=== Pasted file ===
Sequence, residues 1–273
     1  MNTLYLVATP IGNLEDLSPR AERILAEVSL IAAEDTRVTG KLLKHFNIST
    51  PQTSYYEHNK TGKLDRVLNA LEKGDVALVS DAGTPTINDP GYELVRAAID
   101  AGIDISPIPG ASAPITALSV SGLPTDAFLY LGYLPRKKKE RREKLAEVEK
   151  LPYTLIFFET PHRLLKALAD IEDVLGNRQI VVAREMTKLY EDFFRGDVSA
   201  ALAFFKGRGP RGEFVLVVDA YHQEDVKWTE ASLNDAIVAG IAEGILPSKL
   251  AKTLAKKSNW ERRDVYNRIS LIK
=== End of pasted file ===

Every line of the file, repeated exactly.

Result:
Sequence, residues 1–273
     1  MNTLYLVATP IGNLEDLSPR AERILAEVSL IAAEDTRVTG KLLKHFNIST
    51  PQTSYYEHNK TGKLDRVLNA LEKGDVALVS DAGTPTINDP GYELVRAAID
   101  AGIDISPIPG ASAPITALSV SGLPTDAFLY LGYLPRKKKE RREKLAEVEK
   151  LPYTLIFFET PHRLLKALAD IEDVLGNRQI VVAREMTKLY EDFFRGDVSA
   201  ALAFFKGRGP RGEFVLVVDA YHQEDVKWTE ASLNDAIVAG IAEGILPSKL
   251  AKTLAKKSNW ERRDVYNRIS LIK